(This week, David Wanetick, Managing Director of IncreMental Advantage provides readers if the IP Asset Maximizer Blog with an excellent overview of the various factors that he believes affect patent valuation. Please let me know if you would like to be a Guest Blogger.)
How Patent Vulnerability Impacts Valuation by David Wanetick of IncreMental Advantage
As I often tell business leaders who attend my course on Valuing Early-Stage Technologies, valuing patents isn’t rocket science. It is much more difficult. Or to paraphrase Winston Churchill, valuing patents is a riddle, wrapped in a mystery, inside an enigma.
Measuring even a well-delineated permanent entity is much more difficult than may be imagined. As Neil deGrasse Tyson (a renowned astrophysicist) and Benoit Mandelbrot (the father of fractal geometry) have discussed, no one really knows what the circumference of the coastline of the United Kingdom is. The tides will cause varying degrees of erosion on the coastline depending on the hour of measurement while the cumulative affect of choosing which rock formations to measure around will have a dramatic impact on the final assessment of circumference. Patent valuation is infinitely more difficult to determine than the measurements of a given land mass due to the interminable variation of underlying technologies, legal issues, business issues, and context in which patent valuations are conducted.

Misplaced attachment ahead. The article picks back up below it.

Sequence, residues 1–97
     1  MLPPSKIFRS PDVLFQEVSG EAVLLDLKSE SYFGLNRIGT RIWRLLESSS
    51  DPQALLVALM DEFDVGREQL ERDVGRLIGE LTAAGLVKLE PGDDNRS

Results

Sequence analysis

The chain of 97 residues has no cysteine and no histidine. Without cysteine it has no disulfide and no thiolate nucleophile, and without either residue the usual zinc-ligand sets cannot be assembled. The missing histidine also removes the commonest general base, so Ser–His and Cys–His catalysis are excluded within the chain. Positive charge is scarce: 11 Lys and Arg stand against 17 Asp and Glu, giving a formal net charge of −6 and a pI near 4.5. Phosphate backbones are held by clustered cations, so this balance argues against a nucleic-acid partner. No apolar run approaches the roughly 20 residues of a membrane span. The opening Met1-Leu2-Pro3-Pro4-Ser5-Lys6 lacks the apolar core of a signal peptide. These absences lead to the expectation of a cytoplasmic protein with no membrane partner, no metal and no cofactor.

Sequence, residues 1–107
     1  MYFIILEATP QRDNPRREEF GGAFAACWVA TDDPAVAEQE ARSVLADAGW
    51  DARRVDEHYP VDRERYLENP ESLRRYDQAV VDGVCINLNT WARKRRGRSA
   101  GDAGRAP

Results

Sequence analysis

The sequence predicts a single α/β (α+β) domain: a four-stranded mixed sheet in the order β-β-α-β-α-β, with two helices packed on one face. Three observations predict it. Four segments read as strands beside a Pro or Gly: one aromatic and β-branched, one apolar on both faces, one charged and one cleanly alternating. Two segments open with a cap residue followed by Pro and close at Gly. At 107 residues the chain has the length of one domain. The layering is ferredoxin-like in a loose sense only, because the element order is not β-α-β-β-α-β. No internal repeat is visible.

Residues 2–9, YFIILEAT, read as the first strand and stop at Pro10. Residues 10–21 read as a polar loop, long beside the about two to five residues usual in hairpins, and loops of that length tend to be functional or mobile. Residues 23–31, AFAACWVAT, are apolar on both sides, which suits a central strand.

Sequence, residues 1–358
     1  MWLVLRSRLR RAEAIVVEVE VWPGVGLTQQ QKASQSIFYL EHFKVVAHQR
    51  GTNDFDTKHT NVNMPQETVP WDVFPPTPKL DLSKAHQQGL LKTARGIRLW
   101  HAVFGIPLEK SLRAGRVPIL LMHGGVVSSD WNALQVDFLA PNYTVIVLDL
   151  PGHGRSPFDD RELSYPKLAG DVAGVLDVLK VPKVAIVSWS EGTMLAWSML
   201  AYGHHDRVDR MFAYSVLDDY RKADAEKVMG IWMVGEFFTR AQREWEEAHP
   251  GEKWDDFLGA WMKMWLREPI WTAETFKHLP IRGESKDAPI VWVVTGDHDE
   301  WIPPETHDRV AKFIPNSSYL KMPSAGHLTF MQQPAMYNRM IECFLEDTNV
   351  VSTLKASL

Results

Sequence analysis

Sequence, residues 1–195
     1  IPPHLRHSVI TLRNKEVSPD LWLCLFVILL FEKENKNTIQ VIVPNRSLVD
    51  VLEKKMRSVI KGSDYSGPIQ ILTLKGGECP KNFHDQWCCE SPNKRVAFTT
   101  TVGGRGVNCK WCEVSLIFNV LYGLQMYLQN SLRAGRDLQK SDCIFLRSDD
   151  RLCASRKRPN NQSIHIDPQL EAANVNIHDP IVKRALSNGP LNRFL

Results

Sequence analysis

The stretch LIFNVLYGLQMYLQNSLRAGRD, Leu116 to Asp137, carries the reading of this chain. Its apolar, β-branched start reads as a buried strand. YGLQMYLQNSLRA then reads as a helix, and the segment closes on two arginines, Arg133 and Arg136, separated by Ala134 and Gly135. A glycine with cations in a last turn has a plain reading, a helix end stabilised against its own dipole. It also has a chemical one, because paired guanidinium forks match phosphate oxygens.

Companies that have patents often attempt to achieve a more attractive valuation by boasting about their patent portfolio. This is often a successful gambit as many investors, customers and media figures are impressed when a company reports a relatively large number of patents or pending patents in its portfolio. Thus, it is no surprise that many entrepreneurs and venture capitalists have admitted to me that they view patent preparation and filing costs akin to marketing expenditures.
However, valuation analysts should not reflexively assign a higher valuation to companies that own patents or are applying for patent protection. Companies can have a patent on a technology for which there is no possibility of commercializing or selling. Patents pending are particularly specious. Pendency (the length of time it takes the US Patent and Trademark Office to make a decision on a patent application) is now an average of 32 months. In some industries—such as semiconductors and electronics—pendency is more on the order of four to five years. Thus, the market targeted by a patent could become obsolete before the USPTO makes a decision. In fact, only between 2% and 5% of patents generate any royalties and another 45% to 50% don’t even have any strategic value. Further, two out of every three patents lapse because of failure to pay fees, most often because their owners believe that the thousands of dollars in maintenance fees exceeds the value of the patents. Continue reading